The things some people do in their bedrooms in private! In preparation for tomorrow’s hands-on flash course I outfitted some flashes with coloured gels tonight.
I used Honlphoto gels, seen bottom right here in a double wrap:
I had three flashes mounted on a stand that uses one radio trigger (like a Pocketwizard) to fire all three flashes (thus saving two radio triggers). I have discussed this three-way mount here before. I also used grids (also Honlphoto) to get three separate light circles.
As said, where all three flashes mix, you get white. After you get the ratios right, that is: the gels take light (also discussed here in a recent post) and you may need to turn one or two of them up to compensate.
Once you are done, you get white. You see it here in the centre:
TIP: To get the ratio right, you look at the RGB histogram. The peaks for red, blue and green need to be at the same distance from the edges.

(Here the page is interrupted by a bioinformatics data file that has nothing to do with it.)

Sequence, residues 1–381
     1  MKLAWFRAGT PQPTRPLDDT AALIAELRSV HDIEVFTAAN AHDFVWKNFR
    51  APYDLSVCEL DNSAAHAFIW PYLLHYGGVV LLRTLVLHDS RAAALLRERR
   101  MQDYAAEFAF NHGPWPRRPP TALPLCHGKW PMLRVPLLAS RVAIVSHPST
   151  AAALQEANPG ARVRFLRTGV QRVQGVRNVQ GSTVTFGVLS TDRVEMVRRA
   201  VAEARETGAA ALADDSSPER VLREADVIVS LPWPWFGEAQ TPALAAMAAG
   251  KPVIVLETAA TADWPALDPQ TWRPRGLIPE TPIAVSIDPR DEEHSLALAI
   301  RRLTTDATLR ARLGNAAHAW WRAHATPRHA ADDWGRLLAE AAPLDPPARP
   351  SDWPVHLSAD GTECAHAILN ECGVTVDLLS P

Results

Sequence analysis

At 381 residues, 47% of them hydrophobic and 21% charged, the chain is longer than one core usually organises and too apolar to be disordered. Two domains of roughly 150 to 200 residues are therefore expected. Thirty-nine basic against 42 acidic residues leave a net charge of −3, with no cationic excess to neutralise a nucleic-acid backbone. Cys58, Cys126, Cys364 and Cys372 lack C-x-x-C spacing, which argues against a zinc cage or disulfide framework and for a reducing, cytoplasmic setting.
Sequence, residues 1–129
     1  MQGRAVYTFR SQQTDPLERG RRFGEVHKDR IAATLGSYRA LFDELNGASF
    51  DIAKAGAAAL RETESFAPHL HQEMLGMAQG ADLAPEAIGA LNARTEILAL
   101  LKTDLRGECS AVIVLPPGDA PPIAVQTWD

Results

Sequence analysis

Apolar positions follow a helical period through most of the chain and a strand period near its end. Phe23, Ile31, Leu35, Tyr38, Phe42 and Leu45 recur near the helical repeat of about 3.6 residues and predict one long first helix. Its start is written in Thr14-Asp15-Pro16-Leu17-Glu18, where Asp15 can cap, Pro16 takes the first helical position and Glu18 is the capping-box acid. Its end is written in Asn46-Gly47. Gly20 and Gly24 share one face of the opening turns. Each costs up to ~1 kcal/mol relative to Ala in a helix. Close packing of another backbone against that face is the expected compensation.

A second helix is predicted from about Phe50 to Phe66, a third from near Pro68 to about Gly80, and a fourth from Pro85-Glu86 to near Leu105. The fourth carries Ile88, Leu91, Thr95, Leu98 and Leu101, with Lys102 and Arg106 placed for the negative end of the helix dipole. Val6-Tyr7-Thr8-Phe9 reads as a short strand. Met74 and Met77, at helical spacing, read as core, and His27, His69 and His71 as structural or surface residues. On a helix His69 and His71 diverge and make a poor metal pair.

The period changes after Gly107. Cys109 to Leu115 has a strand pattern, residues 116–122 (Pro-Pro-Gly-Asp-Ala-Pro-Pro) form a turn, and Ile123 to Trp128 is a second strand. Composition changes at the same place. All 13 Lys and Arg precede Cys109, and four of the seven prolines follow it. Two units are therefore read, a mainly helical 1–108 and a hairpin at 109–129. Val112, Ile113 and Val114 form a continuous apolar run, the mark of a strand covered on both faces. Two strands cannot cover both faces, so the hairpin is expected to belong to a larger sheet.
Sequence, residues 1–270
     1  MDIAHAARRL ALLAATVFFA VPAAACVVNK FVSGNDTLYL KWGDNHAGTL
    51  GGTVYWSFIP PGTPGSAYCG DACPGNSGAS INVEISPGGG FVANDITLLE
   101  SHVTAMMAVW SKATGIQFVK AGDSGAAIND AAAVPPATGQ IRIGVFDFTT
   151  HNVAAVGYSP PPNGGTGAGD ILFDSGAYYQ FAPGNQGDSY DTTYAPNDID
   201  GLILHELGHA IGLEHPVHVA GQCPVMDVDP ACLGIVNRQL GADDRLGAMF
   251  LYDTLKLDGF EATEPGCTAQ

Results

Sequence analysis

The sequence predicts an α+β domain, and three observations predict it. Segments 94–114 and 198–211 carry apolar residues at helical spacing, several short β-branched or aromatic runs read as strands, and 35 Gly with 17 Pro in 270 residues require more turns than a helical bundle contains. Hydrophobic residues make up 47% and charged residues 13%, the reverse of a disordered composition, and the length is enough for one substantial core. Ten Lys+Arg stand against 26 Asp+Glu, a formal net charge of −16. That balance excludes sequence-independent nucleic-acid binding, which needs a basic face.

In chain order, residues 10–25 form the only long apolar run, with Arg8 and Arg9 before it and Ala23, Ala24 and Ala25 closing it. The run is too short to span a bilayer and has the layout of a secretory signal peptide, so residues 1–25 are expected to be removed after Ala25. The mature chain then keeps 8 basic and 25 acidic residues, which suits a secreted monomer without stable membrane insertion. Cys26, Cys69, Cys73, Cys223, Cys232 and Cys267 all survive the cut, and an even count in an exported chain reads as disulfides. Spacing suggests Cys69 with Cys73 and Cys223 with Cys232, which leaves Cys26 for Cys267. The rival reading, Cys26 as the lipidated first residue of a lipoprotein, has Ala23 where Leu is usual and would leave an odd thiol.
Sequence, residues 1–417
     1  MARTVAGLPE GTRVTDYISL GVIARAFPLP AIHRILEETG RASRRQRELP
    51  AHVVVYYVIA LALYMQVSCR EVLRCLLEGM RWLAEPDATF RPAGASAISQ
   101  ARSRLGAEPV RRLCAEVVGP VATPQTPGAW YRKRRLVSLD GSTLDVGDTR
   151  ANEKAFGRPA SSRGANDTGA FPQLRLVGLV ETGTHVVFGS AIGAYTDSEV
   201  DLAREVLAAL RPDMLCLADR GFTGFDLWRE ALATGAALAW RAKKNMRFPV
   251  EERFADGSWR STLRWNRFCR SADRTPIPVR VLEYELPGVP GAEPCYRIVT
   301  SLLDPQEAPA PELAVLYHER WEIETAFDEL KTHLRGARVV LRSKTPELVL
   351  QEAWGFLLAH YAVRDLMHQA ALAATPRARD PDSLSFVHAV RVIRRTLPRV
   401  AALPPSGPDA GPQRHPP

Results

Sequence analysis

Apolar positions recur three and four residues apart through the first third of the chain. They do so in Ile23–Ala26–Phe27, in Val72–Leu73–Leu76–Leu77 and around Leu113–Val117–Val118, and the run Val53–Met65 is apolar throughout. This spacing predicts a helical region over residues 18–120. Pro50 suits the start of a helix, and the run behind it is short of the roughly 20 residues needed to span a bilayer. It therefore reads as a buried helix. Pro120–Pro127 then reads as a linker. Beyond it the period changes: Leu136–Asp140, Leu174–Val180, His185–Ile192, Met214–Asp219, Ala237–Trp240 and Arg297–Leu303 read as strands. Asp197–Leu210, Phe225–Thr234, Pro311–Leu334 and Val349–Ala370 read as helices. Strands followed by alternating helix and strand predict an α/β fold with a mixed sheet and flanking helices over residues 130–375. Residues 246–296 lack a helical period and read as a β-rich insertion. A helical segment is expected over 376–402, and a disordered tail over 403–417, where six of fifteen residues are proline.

Looking at the flashes you see the three colours I chose:
Red, Green and Blue. Surprise, surprise!
You see, when these colours mix, that once you get the ratios right, you get white overall. But when only two of them mix you get “in between” colours, which include cyan, yellow, and magenta:
So now you know why you see RGB and CYMK (where “K” means “Black”) as two alternate ways to mix several basic colours!
I also had unrelated flash fun, of course. f/32:
And my spinning top:
On a concave mirror, that is:
The moral of this post?
You should have fun with your photography, and explore, and try out different things. How many of you have gels, and how many of you have used these to mix light in different ways? That’s how you learn about light. So for those of you not coming to tomorrow’s course: go have fun, And sign up for the one after the next one: tomorrow and next week are full up, but 6 November still has a few spots open.
Any way you do it: learn about light, and have fun.
PS for Honl modifiers, which I strongly recommend, go to this link and use discount code “Willems” at checkout to get an additional 10% off.